X-Ray Nasopharynx –for adenoid and tonsil enlargement

X-Ray chest-to see heart size

Sleep observation, oxygen saturation and ECG in most children may be sufficient to document the need for adenoids and tonsil removal.

Overnight Sleep study (polysomnogram)-

Sleep study at sleep lab or at home in natural regular sleep environment is required to make the diagnosis of OSA and to judge the severity.

It is detailed examination during sleep to record the sleep stages, heart rate, oxygen and carbon dioxide levels, eye movement, chest wall movement, and the flow of air through the nose.

Child is attached to machines that check  EEG (Encephalogram –measure brain waves), EMG (Electromyogram-leg movement ) EOG (Electroocculogram-measure eye movement) ECG/EKG (electrocardiogram-  measure heart rate and rhythm); chest and abdominal movement (measure breathing movements); and monitoring of oxygen and carbon dioxide levels in the blood.

None of the devices is painful still it may be a little frightening for a young child.

A sleep technologist monitors the recordings during sleep and after wards report is analyzed by sleep physician.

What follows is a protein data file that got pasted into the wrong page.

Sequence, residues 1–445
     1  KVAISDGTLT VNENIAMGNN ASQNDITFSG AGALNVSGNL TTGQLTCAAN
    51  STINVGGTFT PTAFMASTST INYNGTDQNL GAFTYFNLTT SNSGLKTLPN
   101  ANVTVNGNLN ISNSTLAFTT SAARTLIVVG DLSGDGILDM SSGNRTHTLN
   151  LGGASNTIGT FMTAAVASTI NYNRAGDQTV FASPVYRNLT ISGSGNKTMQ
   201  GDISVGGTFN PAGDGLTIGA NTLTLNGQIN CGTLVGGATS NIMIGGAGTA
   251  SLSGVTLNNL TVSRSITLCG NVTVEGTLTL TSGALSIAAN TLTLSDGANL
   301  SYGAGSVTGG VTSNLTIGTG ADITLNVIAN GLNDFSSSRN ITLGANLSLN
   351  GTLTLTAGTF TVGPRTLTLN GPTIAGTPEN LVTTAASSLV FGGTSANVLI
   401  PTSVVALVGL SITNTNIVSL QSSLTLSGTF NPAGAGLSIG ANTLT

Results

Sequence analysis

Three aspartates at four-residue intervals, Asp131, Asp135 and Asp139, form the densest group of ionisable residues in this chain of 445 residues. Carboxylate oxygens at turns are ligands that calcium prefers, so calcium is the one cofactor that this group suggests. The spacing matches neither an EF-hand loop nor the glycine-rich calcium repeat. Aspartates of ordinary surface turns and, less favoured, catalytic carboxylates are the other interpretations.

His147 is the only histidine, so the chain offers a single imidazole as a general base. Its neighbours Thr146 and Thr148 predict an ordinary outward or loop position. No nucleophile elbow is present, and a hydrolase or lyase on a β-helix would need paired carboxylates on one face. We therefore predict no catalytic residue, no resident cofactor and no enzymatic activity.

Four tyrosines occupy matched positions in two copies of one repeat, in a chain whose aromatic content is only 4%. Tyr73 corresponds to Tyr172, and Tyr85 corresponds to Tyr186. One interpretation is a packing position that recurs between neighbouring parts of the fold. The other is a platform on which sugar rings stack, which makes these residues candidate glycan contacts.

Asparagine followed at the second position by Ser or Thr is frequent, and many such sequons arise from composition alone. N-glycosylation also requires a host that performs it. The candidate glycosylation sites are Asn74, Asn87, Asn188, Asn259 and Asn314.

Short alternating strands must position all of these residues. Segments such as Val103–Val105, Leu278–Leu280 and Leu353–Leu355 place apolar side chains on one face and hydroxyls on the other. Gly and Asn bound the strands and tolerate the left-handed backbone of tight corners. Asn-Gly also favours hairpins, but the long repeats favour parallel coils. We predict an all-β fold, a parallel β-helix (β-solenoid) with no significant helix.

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flickr/photos/jemsweb/ under  creative commons

Snoring management

General measures

  • Regular exercise
  • Weight loss
  • Avoid heavy diner
  • Healthy high fiber diet
  • Develop regular sleeping patterns
  • Tilting the top of a bed upward a few inches,
  • Sleeping on the side
  • Avoid alcohol/smoking
  • Avoid allergy triggers (stuffed animals, pets, and feather/down pillows from the bedroom.

Nasal Continuous Positive Airway Pressure (CPAP)

CPAP (Continuous Positive Airway Pressure by a nasal mask throughout the night) is the most effective and frequently used treatment for OSA.

Compliance is a major problem but family should be motivated as major surgeries can be avoided. Sleep study should be repeated every 6-12 months with upper airway growth with age.

Oral Appliances (OA)

Mouthpieces worn at night works by repositioning the tongue or mandible forward

Nasopharyngeal airway – It may be the only treatment required for some children. Like Adequate airway is developed by the age of about 3 months in Pierre Robin syndrome.


Major complication of OSAS are reversible before the end stage heart and lung disease therefore surgery should be done for obstructive lesions of upper airway as soon as possible.

Tonsillectomy and Adenoidectomy (TAR / T&A) cures most children and it should be the initial treatment in children with other factors also.

In patients with craniofacial anomalies specific surgery can be done.

UPPP is done in selected cases.

To conclude

Sleep apnea can have serious significant complications yet vast majority remain undiagnosed and untreated because of lack of awareness by the parents and health care providers.